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Classification & Labelling & PBT assessment

PBT assessment

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PBT assessment: overall result

PBT status:
the substance is not PBT / vPvB
Justification:

Classification for Persistence

Sodium dichromate is an inorganic substance and so the issue of biodegradation does not apply. The substance dissociates rapidly to its constituent ions in the aqueous environment. As such sodium dichromate does not satisfy the criteria for classification as persistent.

Classification for Bioaccumulation

Chromium (VI) has been shown to be taken up by a wide range of organisms from water, sediment and soil. For fish, although uptake does occur, the bioconcentration factors for chromium (VI) are usually very low (~1 l/kg). In addiiton, chromium is usually present in the environment as Cr (III). Sodium dichromate is not considered to satisfy the criteria for classification as bioaccumulative.

Classification for Toxicity

Sodium dichromate is classified in Annex I of Directive 67/548/EEC (DSD) as Very Toxic (T+) with the risk phrases R45, R46, R60, R61, R8, R21, R25, R26, R34, R42/43, R48/23 and R50/53. The substance is also listed in Annex VI of the CLP Regulation (1272/2008) with classification H301 (Toxic if swallowed), H312 (Harmful in contact with skin), H314 (Causes severe skin burns and eye damage), H317 (May cause an allergic skin reaction), H330 (Fatal if inhaled), H334 (May cause allergy or asthma symptoms or breathing difficulties if inhaled), H340 (May cause genetic defects), H350 (May cause cancer), H360 (May damage fertility or the unborn child), H372 (Causes damage to organs through prolonged or repeated exposure) and H410 (Very toxic to aquatic life with long lasting effects). The criteria for ‘Toxic’ are therefore met.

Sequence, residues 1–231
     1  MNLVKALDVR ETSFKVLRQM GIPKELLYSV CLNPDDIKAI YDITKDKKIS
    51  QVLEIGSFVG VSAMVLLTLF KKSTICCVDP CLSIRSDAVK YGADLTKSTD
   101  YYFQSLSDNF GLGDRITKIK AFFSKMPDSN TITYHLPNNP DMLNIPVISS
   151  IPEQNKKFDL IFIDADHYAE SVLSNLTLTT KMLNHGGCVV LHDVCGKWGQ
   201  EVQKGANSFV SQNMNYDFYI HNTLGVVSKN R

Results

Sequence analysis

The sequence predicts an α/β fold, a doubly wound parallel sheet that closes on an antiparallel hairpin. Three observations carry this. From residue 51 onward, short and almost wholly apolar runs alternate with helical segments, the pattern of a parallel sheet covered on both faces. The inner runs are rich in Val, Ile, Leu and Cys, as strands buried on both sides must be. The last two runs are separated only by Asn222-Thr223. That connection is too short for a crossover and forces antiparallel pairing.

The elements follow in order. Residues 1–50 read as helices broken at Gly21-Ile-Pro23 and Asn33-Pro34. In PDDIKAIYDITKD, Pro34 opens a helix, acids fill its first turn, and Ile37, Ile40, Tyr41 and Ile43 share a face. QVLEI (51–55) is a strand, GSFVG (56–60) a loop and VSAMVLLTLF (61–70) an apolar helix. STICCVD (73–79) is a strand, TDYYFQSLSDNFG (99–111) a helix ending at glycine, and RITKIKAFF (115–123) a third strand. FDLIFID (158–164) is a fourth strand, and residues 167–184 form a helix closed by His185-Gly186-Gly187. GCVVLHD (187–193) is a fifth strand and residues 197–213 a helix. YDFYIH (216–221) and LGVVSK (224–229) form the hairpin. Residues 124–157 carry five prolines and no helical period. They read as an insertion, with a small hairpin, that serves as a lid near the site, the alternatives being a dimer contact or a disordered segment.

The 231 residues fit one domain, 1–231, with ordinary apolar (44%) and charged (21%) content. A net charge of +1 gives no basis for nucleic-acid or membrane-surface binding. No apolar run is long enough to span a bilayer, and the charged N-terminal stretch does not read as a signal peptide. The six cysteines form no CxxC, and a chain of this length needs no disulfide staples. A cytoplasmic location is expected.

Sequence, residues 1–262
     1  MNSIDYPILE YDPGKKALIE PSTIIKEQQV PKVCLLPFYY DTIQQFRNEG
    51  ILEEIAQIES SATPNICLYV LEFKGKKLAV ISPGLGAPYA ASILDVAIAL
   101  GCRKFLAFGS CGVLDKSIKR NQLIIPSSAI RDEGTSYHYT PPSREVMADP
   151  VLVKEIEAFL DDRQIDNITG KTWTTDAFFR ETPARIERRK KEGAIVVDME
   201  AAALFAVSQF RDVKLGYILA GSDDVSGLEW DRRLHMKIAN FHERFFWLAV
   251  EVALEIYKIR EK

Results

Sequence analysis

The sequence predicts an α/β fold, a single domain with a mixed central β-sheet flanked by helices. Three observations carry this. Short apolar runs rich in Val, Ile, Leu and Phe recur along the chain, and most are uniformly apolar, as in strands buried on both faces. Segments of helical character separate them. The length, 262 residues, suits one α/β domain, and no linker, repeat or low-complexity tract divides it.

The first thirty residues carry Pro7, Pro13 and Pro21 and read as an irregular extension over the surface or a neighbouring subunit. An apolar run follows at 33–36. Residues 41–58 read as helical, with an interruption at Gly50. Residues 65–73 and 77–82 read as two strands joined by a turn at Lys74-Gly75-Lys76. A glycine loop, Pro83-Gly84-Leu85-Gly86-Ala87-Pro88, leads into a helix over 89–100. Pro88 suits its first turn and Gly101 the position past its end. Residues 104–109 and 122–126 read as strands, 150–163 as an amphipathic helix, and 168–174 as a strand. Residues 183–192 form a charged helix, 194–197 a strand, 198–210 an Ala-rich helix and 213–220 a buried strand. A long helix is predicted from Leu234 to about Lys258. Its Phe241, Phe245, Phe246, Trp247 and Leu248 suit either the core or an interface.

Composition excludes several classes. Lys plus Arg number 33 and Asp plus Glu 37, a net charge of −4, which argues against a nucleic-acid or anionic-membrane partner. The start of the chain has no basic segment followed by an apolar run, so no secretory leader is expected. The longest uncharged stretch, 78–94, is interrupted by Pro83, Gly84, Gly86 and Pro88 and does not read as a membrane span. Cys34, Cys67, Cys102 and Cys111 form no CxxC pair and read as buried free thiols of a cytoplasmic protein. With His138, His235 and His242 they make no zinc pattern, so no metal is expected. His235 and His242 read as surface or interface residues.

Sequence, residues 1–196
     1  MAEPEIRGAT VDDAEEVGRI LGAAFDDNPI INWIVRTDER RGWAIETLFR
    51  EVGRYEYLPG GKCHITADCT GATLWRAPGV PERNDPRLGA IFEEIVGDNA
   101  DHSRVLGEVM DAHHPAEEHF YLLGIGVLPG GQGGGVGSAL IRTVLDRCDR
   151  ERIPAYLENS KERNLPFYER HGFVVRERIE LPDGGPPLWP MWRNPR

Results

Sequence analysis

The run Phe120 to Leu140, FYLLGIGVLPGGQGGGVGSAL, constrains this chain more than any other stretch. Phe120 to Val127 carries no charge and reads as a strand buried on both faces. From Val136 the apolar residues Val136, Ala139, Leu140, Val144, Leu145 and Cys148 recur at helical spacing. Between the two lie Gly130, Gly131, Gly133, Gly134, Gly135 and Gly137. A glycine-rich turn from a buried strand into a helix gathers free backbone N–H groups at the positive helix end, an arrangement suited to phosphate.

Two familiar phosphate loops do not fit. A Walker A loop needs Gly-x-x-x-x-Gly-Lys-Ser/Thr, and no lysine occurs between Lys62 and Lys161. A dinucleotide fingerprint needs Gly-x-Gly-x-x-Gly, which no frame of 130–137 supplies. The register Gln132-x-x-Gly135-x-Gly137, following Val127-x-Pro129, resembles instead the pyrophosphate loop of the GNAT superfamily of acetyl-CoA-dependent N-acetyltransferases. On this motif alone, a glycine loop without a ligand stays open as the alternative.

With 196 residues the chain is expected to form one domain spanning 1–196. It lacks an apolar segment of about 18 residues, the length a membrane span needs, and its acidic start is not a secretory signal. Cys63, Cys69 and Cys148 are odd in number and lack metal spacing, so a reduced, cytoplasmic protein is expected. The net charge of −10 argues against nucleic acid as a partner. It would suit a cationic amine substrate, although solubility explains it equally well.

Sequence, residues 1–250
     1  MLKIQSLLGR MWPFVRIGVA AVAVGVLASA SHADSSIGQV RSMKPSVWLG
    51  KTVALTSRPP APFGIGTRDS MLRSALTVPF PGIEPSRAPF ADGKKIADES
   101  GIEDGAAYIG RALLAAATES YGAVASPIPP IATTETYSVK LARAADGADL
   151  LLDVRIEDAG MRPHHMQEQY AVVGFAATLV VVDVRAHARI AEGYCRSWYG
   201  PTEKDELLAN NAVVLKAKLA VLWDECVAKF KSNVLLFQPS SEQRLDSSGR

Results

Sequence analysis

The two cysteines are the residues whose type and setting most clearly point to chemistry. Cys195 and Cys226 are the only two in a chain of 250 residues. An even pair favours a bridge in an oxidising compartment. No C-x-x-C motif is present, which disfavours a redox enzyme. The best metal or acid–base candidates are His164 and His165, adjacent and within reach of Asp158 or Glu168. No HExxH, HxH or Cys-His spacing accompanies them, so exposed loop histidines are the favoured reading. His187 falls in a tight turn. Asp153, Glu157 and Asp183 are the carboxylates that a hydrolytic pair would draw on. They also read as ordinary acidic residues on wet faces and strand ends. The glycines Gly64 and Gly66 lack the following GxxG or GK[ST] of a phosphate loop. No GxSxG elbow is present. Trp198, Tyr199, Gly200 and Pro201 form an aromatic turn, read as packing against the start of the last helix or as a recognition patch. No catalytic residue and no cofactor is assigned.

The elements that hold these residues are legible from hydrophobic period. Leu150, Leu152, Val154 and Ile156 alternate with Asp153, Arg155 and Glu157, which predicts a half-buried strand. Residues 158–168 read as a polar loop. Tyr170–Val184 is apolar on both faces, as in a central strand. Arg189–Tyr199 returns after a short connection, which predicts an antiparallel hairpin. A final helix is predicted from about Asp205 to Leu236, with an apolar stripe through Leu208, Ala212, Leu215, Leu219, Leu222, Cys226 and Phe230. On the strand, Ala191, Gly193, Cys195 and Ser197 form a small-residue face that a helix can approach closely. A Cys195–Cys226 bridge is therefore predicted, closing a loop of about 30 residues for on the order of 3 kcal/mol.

Likely routes of exposure:

The most likely route of exposure is through inhalation and dermal exposure. The exposure to workers should be mimised by the use of appropriate personal protective equipment (gloves, RPE and protectives overalls) and enigineering controls (process enclosure, local exhaust ventilation).

Environmental exposure is minimal as an efficient waste water treatment ensures all Cr (VI) is reduced to Cr (III) prior to flocculation and precipitation and subsequent disposal of treated sludge to landfill.